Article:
Thursday, March 27, 2008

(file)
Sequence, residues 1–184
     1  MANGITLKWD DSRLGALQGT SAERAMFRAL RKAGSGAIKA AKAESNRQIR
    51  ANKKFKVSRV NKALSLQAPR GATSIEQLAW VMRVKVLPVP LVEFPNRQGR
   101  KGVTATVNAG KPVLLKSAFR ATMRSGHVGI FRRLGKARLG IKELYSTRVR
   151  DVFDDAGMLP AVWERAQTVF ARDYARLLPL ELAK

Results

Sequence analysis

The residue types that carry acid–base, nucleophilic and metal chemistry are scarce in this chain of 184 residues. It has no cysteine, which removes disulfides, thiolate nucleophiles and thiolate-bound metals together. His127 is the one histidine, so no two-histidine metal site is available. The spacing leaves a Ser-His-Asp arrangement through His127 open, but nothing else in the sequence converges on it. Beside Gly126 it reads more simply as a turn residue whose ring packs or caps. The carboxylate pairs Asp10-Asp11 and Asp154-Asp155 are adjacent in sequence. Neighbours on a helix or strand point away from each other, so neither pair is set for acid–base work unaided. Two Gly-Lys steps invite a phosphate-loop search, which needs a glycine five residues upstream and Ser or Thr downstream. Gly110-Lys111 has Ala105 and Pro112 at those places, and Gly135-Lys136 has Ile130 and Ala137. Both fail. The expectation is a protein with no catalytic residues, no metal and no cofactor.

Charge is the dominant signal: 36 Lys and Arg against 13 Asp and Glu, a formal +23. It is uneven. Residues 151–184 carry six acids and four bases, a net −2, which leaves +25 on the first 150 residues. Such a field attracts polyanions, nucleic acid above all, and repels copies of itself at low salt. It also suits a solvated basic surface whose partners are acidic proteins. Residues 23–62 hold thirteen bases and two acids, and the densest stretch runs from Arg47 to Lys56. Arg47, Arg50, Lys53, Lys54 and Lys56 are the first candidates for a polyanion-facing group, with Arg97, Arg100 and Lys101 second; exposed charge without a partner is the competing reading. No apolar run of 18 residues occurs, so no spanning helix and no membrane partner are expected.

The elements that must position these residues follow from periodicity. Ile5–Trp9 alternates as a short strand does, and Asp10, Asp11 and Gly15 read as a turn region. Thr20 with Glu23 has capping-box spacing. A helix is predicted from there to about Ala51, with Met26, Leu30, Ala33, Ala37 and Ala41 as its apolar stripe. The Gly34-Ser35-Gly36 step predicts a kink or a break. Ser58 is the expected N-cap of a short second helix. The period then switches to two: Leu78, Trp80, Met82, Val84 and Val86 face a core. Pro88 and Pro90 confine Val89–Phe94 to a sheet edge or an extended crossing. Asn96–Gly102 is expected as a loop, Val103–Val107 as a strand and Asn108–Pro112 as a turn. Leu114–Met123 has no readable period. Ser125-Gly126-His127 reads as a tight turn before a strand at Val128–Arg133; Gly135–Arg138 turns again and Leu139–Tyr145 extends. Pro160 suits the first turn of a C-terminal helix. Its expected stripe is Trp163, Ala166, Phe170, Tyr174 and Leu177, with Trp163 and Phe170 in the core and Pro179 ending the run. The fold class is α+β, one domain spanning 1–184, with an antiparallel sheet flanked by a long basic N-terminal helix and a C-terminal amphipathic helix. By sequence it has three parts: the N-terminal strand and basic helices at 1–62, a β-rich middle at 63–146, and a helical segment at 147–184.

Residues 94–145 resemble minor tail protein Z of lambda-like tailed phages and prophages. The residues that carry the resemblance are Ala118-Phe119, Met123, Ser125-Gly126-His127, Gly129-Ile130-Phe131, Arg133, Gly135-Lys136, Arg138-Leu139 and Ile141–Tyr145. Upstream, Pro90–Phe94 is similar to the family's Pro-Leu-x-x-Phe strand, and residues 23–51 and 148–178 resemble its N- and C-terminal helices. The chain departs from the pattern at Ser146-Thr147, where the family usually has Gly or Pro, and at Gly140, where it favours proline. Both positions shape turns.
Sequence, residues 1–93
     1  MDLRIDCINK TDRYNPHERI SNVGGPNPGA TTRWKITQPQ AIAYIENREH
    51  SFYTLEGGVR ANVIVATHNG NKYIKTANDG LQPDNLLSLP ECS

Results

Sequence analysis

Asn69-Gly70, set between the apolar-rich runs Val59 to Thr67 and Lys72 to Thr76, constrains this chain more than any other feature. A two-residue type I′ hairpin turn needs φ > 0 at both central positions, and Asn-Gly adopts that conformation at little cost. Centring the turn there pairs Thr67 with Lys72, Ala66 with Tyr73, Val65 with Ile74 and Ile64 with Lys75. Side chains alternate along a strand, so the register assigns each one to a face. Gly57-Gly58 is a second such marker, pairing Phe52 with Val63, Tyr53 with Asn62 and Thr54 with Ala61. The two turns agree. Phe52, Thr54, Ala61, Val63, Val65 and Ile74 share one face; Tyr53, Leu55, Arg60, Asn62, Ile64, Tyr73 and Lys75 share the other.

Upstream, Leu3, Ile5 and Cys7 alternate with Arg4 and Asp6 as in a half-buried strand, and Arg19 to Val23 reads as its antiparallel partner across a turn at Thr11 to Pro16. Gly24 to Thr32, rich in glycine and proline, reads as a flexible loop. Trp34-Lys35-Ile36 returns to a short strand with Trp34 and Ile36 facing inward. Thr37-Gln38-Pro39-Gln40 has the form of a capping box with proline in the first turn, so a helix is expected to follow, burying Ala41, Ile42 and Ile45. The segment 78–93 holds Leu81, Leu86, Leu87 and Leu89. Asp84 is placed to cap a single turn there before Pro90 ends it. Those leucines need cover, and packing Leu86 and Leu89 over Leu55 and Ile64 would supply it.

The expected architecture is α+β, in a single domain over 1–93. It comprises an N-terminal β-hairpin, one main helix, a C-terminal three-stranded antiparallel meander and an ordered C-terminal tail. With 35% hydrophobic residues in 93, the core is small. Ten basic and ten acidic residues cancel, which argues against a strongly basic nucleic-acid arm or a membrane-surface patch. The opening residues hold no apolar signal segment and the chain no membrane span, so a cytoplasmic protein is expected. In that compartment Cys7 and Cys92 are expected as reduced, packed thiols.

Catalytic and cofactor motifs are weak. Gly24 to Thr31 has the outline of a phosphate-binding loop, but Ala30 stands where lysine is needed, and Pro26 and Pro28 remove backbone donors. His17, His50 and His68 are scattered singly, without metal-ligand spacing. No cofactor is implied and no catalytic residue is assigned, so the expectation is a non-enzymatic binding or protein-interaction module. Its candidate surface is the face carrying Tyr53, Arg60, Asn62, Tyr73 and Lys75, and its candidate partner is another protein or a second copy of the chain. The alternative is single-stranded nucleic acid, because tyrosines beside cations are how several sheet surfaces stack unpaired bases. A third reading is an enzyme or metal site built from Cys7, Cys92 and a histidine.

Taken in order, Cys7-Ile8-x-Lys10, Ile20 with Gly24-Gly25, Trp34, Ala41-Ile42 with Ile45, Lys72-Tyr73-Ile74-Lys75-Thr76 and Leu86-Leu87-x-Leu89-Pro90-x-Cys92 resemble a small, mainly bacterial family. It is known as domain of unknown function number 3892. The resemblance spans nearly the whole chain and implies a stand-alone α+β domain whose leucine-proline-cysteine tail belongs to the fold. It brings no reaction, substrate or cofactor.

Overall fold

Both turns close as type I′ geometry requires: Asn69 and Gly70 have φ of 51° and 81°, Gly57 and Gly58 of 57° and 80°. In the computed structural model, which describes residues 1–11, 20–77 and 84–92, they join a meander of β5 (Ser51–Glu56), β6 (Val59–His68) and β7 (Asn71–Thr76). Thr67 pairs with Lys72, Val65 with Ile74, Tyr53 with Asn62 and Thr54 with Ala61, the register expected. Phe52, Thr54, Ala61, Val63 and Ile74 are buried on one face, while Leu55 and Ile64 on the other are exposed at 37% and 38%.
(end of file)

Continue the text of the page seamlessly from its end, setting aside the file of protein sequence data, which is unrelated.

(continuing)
The first daffodil has bloomed so spring must surely be here. Crocuses and witchhazels are nice, but they can bloom long before spring, so for me, at least, daffodils are the sure sign. This one is tete-a-tete which is one of the miniatures and always one of the first in bloom. The whole plant isn't more than 8 or 9 inches tall, sometimes shorter. There was barely a sign that it would burst into bloom in the morning, but mid-afternoon, there it was. Certainly made my day. Daffodils are also one of our 'for sure' spring flowers. Deer don't nibble the foliage or blooms and rodents don't eat the bulbs. They multiply reliably and except for years like last year with freaky weather, bloom over a long period of time if you plant a good variety. Last year we had a late freeze just when they had started blooming. I think we had less than a week of bloom before a 3 day freeze. So sad to see them with their faces frozen to the ground. Those that hadn't started blooming yet were also done in by the freeze and spring seemed to be over before it started. I usually have bouquets of daffodils in every room of the house this time of year, but last year the house was so less cheery. If you haven't been to the gardens in the spring, you have to imagine that there are daffodils everywhere - through all of the peony beds and tree peonies, and among the daylilies on the hill and then along to the north over most of the rest of the hill in large rows and huge sweeps. We've even been adding them to the gardens among the ponds in the back and even around the peonies in the back. There are some in the parking lot and at Lake Amanda. We have good old American types and a few years ago added a couple hundred varieties from Northern Ireland and New Zealand. You might say I get excited about daffodils. Just don't try hybridizing with them unless you are extremely patient. From seed to bloom can take 7 years. I'll stick to daylilies and hostas where in a year of 2 you know the results of your work.

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